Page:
Mahagami Aurangabad supports the arts through old world values combined with state of the art technology
Mahagami (Mahatma Gandhi Mission Sangeet Academy) Aurangabad is a world in itself where the best of the value-based gurukul system of art training vibes harmoniously with modern technological aids in helping promote, disseminate and conduct research in the arts. Most imaginatively conceived and led by the tireless zeal and enterprise of director Parwati Dutta, a Kathak/Odissi dancer, disciple of Pandit Birju Maharaj, Kelucharan Mohapatra and Madhavi Mudgal, and powered by the management of Mahatma Gandhi Mission Trust, a charitable and educational organisation, the entire space of Mahagami with its cosy cottages provides comfortable accommodation spaces, an aesthetically designed Sadhanalaya with large mirrors, audio systems, instruments, a library of precious books, a Baithak Sangraha, Dyavaprithvi an open air stage seating 350 people, ‘Parnakuti’ its dining cottage and not the least ‘Kriti-Kon’ an “out-let store catering to the academic, aesthetic and artistic needs of students and art lovers.”
In diligently interweaving learning and research in music (with special emphasis on Dhrupad) and the pakhawaj, dance, and other support disciplines like photography, and lighting, Mahagami activities since its establishment in 1993 have followed the inter-disciplinary approach, which forms the very basis of our classical arts. Above all the organisation has also been intensely involved in informing, educating and helping create discerning audiences, its outreach programmes of ‘Anubhuti’ having covered over a lakh of people so far.
For Parwati Dutta, the karmabhumi of Mahagami, with the magnificence of cave sculptures and paintings at Ellora and Ajanta, the Devgiri Fort bringing back memories of Sharangadev (13th century), the author of the Sangeet Ratnakara, who lived in the court of King Singhana, the Yadava dynasty ruler with his capital at Devagiri (present day Daulatabad), along with the great saint poets who lived here, speaks eloquently of the 1000 year art consciousness and contribution of this region.
Parwati with her disciples presented a programme in the open-air theatre the evening before the Art Writing event organised by Mahagami. The very opening on “Barah Jyotir ling paran” , (the Hrishneswar Jyotir Ling temple is a famous pilgrim centre) revealed deep research from working closely with Dhrupad and pakhawaj maestros — with events like Alakshita having been hosted for pakhawaj documentation under the Sancheya Project, and ‘Kan’ delving into Dhrupad music for Kathak. The parans built round the pakhawaj prastaar with the Chautal tihai at the finish, done by the group with involvement and perfect technique made a fine invocation. Parwati’s solo was based on Padmakar’s poetry, the picture on the morning after Holi, with the telltale marks on the gopis of Vrindavan of having danced with Krishna “Bhaag bharat bhala, Suhag bhare sab ang” followed by the disciples presenting Vasant Ritu, where the beauty of Nature and the view of the gajagamini-s and hamsagamini-s, and the arrival of Kamadev (set in Surtal) with his panchabana (five flower arrows) was visualised with aesthetic restraint. After the group presented a tarana in Keerwani (composed by Birju Maharaj), “Varna Reeti” was yet another highly introspective composition. built round the pakhawaj syllable Dhaan (which Birju Maharaj Parwati’s guru had said stood for ‘Dhyaan’ or meditation), and ‘Din’. Through the movements and footwork, the meditative quality was preserved. Equally commendable were the clarity and well informed introductions of the Hindi compere, Vrishal Deshpande.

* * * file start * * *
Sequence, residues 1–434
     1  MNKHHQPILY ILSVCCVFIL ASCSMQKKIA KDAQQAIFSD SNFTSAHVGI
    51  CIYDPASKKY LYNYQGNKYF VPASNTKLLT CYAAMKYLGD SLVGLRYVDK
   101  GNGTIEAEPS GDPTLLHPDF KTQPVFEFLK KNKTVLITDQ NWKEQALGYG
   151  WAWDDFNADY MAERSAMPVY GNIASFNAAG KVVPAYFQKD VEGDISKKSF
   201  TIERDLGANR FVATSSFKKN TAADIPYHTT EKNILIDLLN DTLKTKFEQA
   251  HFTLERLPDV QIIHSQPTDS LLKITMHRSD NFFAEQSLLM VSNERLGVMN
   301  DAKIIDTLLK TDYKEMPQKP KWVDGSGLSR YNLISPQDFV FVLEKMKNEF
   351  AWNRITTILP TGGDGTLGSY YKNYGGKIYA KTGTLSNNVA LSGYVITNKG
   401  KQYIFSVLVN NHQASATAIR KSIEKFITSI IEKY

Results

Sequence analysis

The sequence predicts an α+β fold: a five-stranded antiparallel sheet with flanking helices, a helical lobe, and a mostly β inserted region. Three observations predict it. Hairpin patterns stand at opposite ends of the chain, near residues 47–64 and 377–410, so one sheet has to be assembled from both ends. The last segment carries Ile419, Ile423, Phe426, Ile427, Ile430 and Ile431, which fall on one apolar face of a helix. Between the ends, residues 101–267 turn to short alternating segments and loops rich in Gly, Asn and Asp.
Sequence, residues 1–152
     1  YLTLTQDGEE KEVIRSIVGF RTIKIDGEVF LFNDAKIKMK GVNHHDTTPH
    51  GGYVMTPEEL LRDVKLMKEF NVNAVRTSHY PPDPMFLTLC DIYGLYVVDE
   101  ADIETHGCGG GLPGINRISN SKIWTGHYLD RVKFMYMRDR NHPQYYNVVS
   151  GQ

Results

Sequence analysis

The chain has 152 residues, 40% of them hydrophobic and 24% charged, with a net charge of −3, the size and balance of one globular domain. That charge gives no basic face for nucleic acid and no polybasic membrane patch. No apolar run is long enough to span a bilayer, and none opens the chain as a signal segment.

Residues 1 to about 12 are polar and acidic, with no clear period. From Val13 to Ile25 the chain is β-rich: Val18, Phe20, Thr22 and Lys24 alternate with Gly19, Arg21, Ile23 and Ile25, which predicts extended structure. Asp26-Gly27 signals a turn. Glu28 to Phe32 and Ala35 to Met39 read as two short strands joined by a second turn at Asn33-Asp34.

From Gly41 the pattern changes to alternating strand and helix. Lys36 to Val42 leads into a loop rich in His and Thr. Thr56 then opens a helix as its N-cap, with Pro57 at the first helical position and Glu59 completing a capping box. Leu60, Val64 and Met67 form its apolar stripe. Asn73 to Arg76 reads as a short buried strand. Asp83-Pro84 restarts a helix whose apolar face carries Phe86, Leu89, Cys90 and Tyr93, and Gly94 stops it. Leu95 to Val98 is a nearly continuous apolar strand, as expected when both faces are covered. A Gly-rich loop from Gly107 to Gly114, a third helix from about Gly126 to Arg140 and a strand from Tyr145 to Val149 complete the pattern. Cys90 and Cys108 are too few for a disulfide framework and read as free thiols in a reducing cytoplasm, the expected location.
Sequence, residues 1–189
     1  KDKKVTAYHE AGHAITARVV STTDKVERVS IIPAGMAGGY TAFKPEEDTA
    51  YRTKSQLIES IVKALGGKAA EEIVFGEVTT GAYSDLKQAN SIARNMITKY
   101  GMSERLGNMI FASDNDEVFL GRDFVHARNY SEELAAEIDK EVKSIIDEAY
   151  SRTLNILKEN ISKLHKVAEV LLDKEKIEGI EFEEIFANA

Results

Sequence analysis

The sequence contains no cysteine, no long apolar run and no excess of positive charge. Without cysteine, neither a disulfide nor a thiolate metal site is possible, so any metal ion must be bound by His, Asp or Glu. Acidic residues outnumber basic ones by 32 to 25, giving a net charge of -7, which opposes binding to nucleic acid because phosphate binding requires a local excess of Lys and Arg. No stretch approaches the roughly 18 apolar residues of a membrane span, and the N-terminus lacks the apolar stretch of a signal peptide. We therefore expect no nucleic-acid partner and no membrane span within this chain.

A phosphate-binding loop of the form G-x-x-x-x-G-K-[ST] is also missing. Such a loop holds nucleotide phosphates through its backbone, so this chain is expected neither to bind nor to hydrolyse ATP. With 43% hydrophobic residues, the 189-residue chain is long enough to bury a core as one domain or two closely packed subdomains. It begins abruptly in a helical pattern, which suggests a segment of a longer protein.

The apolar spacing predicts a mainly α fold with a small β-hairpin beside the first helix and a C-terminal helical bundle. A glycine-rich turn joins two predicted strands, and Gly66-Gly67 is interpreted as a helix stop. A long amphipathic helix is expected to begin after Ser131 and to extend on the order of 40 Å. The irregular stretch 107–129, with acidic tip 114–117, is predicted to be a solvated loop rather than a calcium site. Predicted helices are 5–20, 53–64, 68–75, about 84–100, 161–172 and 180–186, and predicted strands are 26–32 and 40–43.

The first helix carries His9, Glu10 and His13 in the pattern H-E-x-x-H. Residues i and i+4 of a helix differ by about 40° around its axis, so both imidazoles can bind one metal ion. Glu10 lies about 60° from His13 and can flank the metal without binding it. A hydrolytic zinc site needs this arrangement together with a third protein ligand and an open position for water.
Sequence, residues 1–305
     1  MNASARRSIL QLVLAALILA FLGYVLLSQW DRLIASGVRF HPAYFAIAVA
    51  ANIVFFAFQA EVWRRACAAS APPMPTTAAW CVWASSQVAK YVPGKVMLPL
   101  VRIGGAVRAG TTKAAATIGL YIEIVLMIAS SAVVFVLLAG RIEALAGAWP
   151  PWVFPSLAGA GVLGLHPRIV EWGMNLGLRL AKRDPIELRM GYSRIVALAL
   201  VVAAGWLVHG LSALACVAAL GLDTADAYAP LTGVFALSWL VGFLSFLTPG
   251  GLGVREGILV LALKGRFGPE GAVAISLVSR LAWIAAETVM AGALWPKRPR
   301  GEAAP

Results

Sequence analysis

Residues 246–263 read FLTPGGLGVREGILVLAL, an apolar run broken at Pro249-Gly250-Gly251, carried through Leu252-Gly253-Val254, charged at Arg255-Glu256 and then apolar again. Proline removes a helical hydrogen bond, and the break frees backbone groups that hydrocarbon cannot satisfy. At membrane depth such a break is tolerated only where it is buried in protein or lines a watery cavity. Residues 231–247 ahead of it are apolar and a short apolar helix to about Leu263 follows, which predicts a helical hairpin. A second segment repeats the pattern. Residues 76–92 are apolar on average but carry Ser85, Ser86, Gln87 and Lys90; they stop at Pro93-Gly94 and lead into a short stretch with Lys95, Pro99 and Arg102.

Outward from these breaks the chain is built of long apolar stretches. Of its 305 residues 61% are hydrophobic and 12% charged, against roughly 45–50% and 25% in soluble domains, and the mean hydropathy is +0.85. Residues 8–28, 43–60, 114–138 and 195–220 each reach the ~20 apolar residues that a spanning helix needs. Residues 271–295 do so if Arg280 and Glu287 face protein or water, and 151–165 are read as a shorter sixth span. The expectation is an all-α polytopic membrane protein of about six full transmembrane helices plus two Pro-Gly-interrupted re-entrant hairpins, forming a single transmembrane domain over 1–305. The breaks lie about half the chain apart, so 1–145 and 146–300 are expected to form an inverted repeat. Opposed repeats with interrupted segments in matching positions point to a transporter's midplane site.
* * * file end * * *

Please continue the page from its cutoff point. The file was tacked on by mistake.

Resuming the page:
After this came a most entertaining Gotipua presentation by young boys of Nakshatra Gurukul, who, after all the Bandha Nrutya display, rose to the occasion to oblige a fan’s request with an unrehearsed Odiya song “Dekho go Radha Madhavi Chali”. True to the thoroughness with which Mahagami undertakes each venture, it was heartening to see young journalists from various dailies who attended the Art Writing event and persons like Prasenajit, Shyamal Ingle, Asha Deshpande spoke of their early impressions, some of them writing and reading out what had been written. While senior journalists talked about their experiences, and aspects of writing aspirants need to pay attention to, young journalist Ranjana from Mumbai spoke with commitment on the need to change ways of writing on art — so as to attract young people to this discipline. One would have liked more active interventions from the young aspirants, still timid in voicing their innermost thoughts. But most encouraging were management personnel from dailies like Mr. Pande of Divya Marathi, and Ramesh Bhonsle of Dainik Lokpatra who readily came forward in support of art coverage. Grooming writers for art events is yet another of Mahagami’s efforts at working to provide the right support structure for dance and music. It was also interesting to see what Mahagami had designed as video material, using software, for dance education This is an institution about whose serious work so little is known outside. Mahagami should be strengthened and supported by Cultural Affairs Ministry grants, which so far have eluded this institution. Sad!